Investor days can be one of the most effective and cost-efficient activities in your investor relations arsenal – but only if you’re prepared. Anyone who has worked “behind the scenes” of an investor day knows that you need to plan for every detail and anticipate all the possible hiccups of hosting a live event.
But, in the lead up to the event, the IRO must also manage the more substantive and strategic issues associated with telling your company’s story to an audience of investors and analysts. There’s no doubt that, if done right, an investor day can be a platform for achieving some of investor relations’ most critical and valuable objectives. When well-executed, an investor day can:
- Increase investor support,
- Drive valuation,
- Attract the right audience to your stock, and
- Change investor perceptions.
Strategic and tactical components of an investor day
But while the return can be incredibly high, a successful investor day requires an IRO to juggle a host of strategic and tactical components. On the strategic side, the team must ensure that hosting an investor day has the potential to deliver real impact by managing critical strategic efforts.
This includes establishing your goal for the day, understanding investor perception prior to the event, establishing foundational messaging and compelling presentations, selecting and preparing the compelling speakers, and getting the right investors to the event, just to name a few.
On the tactical side, there’s a mile-long list of items that require perfect execution, including venue planning, catering, AV, webcasting, press release development, invite lists, invitation development, branded giveaways, signage, product demos, marketing collateral, badges, security and MANY more.
The seemingly endless list of investor day “to-dos” can be overwhelming, but there is no shortage of industry experts able to share the best practices that can help IROs create an architecture for the most successful investor day possible.
Develop a compelling story
“Investors want to hear something new,” says David C. Calusdian, executive vice president and partner at Sharon Merrill Associates Inc. “Hosting a successful event is really about making sure you have a compelling story to tell.”
This is why Calusdian and other experts encourage IROs to understand how the market views their company as an important starting point in the planning process. Whether it’s a formal perception study or a simple pulse check, understanding current perception will fuel some of the most strategic components of the planning process, including establishing a clear goal for the investor day and the development of foundational messaging.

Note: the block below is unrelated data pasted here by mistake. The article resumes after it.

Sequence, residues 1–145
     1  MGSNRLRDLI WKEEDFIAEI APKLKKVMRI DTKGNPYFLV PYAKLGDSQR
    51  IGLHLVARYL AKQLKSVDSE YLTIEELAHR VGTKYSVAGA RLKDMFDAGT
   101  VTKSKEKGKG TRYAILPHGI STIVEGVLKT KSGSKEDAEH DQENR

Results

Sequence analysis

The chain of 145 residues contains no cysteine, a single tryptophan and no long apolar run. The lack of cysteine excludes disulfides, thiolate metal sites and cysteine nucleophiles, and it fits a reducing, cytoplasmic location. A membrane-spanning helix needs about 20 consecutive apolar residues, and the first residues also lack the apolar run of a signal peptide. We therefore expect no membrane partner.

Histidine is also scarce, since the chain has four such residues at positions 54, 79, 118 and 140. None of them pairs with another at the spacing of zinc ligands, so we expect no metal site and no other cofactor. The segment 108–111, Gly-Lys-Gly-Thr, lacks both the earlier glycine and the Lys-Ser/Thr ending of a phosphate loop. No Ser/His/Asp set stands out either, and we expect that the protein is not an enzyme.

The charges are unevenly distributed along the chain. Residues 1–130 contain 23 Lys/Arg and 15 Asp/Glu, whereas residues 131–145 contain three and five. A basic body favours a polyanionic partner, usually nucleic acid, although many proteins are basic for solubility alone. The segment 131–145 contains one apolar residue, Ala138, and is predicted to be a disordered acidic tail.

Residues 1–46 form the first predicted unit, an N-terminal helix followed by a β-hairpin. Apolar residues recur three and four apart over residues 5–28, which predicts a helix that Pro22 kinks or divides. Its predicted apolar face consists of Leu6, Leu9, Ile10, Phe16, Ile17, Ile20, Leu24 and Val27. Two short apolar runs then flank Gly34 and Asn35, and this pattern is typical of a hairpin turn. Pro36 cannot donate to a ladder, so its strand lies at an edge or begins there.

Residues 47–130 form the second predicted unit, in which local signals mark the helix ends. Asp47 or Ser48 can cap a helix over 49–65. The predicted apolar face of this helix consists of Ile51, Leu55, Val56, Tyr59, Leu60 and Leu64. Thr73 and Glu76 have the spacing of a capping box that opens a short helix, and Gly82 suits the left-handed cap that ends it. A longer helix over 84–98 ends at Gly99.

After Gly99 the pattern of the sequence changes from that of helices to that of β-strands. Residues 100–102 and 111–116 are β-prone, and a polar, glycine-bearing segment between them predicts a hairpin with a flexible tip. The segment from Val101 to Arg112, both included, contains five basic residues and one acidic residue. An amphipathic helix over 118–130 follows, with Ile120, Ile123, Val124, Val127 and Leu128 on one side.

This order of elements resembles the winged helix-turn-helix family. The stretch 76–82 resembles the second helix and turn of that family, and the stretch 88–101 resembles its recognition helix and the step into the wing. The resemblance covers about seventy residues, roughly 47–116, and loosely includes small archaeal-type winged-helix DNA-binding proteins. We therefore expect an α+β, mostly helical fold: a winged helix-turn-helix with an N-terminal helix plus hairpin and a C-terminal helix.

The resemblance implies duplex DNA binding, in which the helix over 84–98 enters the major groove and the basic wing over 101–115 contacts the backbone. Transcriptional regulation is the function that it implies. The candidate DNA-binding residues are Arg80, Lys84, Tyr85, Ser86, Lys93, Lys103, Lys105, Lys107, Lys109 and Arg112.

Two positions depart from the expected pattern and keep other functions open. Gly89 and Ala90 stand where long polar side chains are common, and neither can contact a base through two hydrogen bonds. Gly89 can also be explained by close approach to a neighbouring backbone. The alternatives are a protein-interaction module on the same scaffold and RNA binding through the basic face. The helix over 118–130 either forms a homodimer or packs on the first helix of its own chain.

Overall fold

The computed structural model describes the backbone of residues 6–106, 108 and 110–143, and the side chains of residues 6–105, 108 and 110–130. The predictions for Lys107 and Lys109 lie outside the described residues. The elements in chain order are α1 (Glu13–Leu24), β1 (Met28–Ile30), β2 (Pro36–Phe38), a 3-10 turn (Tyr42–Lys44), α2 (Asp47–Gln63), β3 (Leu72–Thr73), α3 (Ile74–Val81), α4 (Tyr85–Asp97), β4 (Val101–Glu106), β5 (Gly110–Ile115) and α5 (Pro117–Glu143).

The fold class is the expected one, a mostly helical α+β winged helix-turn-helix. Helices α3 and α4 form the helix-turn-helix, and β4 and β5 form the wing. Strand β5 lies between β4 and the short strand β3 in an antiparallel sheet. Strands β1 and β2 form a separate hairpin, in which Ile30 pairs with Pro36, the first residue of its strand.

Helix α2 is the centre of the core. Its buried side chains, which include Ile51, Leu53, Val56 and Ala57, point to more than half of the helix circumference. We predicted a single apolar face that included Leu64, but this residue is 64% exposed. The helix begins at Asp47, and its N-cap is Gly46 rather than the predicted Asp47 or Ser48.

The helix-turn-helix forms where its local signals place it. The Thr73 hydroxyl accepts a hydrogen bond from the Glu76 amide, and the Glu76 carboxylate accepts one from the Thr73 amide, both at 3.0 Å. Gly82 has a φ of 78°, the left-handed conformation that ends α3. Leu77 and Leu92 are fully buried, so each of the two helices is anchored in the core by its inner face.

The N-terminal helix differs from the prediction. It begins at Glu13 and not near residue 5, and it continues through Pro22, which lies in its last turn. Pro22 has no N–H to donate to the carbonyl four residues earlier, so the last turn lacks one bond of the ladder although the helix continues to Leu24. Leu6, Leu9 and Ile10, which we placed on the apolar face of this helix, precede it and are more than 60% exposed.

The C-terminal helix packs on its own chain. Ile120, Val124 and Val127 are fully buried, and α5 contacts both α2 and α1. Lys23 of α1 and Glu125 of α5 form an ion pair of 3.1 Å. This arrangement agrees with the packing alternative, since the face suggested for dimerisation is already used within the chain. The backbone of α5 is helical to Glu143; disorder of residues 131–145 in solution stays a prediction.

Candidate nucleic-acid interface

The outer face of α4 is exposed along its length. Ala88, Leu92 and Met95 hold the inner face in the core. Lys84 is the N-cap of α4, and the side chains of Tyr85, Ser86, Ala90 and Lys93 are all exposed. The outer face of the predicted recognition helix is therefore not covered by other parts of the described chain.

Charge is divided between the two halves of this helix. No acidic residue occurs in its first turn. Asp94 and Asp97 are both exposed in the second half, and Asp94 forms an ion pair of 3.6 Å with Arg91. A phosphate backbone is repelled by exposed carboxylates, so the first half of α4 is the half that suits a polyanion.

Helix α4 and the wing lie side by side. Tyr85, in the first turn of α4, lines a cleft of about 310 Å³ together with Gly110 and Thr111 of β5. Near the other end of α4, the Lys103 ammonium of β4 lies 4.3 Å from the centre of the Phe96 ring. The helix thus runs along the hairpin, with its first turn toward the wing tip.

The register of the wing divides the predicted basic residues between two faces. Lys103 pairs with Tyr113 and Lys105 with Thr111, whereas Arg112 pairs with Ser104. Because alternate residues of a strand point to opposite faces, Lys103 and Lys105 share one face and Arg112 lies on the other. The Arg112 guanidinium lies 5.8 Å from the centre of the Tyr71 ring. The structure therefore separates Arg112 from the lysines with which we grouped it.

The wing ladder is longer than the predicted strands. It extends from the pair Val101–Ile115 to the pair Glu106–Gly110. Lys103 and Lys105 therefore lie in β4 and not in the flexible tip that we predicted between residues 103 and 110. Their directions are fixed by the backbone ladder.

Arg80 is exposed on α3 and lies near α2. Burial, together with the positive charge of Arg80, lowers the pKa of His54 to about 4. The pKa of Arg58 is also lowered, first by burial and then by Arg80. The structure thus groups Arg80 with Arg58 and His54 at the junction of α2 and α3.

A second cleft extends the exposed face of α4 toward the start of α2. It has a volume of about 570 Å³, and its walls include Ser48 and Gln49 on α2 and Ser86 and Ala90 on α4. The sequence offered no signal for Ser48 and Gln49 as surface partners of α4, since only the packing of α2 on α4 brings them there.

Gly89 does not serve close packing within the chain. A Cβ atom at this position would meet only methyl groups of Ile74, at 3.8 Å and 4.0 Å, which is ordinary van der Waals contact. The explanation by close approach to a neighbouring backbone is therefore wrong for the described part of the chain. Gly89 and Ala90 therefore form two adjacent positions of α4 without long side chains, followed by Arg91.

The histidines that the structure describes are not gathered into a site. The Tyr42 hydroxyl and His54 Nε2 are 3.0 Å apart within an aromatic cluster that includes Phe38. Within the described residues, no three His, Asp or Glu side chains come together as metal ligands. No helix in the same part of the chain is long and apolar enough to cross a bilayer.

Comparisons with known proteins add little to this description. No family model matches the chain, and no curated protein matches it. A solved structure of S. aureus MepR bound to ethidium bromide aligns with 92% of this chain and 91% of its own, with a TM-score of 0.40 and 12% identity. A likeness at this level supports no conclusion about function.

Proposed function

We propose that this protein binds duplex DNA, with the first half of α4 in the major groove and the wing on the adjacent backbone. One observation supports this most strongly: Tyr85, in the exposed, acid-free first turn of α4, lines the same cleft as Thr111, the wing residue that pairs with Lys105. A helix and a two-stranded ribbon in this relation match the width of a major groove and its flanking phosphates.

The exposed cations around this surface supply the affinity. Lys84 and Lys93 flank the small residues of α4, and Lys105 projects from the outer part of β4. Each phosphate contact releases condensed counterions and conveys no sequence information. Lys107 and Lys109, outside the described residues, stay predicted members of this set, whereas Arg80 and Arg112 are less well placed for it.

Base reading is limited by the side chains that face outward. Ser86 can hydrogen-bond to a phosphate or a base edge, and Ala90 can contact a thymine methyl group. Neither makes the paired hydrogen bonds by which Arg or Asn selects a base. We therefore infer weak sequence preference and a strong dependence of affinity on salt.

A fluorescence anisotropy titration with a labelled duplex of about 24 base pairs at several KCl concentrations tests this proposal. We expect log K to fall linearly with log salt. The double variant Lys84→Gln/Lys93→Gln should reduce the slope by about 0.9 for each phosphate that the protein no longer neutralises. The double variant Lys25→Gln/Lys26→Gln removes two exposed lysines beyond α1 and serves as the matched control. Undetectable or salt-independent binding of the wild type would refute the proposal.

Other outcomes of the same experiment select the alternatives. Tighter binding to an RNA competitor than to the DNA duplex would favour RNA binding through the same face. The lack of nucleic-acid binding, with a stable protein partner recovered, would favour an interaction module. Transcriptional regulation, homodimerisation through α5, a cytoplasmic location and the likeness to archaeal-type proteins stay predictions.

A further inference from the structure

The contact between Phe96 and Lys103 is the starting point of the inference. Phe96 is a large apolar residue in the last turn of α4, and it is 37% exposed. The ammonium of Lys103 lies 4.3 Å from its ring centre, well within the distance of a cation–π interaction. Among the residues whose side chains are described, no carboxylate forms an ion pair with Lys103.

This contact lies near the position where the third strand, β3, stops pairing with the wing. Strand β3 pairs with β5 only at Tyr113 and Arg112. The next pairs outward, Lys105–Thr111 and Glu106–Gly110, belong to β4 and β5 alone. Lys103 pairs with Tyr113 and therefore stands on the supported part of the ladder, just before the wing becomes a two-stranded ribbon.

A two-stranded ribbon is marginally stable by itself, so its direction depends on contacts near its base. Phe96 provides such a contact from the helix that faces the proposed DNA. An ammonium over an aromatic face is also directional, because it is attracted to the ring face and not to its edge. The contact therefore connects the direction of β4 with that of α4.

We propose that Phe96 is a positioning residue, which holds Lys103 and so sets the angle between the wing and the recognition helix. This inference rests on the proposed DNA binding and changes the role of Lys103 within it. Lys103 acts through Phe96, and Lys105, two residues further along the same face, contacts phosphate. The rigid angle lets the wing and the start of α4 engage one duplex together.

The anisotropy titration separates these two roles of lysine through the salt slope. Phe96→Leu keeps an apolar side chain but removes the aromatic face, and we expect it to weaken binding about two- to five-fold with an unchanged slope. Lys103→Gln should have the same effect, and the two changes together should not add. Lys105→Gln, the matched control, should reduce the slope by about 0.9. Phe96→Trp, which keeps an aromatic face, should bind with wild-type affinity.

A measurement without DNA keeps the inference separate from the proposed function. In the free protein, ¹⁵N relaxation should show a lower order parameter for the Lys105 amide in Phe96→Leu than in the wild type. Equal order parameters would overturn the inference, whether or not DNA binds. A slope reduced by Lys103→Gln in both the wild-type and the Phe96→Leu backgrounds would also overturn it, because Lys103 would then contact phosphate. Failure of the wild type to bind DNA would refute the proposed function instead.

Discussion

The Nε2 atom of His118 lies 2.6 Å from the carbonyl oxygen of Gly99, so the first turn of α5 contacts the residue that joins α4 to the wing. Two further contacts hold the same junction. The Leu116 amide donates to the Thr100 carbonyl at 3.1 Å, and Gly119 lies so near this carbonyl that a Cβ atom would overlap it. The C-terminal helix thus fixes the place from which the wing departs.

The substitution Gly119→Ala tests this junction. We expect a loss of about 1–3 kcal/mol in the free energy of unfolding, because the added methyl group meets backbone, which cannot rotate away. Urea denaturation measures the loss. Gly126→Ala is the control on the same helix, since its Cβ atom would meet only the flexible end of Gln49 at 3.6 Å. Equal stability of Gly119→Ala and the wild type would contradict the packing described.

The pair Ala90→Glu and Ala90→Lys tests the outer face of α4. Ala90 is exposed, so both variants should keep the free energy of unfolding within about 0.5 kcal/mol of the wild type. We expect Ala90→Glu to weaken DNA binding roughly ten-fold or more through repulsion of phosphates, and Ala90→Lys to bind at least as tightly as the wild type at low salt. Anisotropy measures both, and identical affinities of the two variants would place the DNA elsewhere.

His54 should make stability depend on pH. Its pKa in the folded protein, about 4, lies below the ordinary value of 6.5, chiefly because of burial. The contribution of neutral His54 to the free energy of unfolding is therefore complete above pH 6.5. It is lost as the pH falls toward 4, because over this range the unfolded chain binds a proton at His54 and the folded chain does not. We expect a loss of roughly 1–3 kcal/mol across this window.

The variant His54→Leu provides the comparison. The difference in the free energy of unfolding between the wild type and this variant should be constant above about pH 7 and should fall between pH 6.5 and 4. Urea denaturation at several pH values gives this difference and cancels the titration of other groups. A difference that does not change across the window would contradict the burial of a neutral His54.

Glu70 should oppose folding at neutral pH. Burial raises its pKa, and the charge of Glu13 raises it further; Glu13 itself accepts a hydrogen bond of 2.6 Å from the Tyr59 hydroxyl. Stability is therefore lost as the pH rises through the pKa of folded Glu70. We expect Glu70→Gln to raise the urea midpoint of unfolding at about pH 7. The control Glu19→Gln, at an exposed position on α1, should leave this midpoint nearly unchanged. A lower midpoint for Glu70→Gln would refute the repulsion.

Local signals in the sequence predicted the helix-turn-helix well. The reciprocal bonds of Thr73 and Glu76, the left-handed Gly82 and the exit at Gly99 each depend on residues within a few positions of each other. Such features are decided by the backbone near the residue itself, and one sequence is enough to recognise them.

And when it comes to that messaging, it’s important to know that investors and analysts have an expectation that you’ve got a good story to tell. “They want excellent content,” Calusdian says. “They are very busy and cover several companies that are competing for their attention. You need to provide a compelling message – a reason to be there.”
To create foundational messaging that resonates with your audience, David Fine, principal of Fine Communications suggests imagining the headlines you’d like to read in analyst coverage of your event. He suggests that “feeding analysts specific desired headlines increases the chances that you’ll see those very messages in your coverage the next day.”
Invite the right audience
Establishing goals, crafting messages and designing the presentations that effectively communicate that messaging are essential, but even the most compelling messages and elegant presentations can’t have a significant impact if not presented to the right audience.
“Getting the right audience to your investor day is critical to a successful outcome and maximizing all the hard work and diligence that goes into an event like this,” says Karen Greene, VP of Client Experience at Q4. “You should really use your investor day as a great excuse to build, refine, and reach out to your investor pipeline.”
However, the strategic view that guiding the development of the right messages for the right audience represents only the beginning of the planning process. “First-timers are always amazed by the incredible amount of details that need to be handled, from the outreach to investors, venue logistics, catering, A/V and presentation development, just to name a few,” says Calusdian.
Executing an investor day can certainly be a daunting task, but by taking a thoughtful and strategic approach you will find it can be a real needle-moving communications vehicle. To keep track of everything needed to deliver a successful investor day, download our Investor Day Guide, in which Calusdian, Fine, and Greene share invaluable insights on the critical strategic and logistical steps IROs need to address. The roadmap discusses proven best practices for your next investor day, including maximizing reach, developing differentiated messaging, creating best-in-class presentations, and effectively executing the logistics.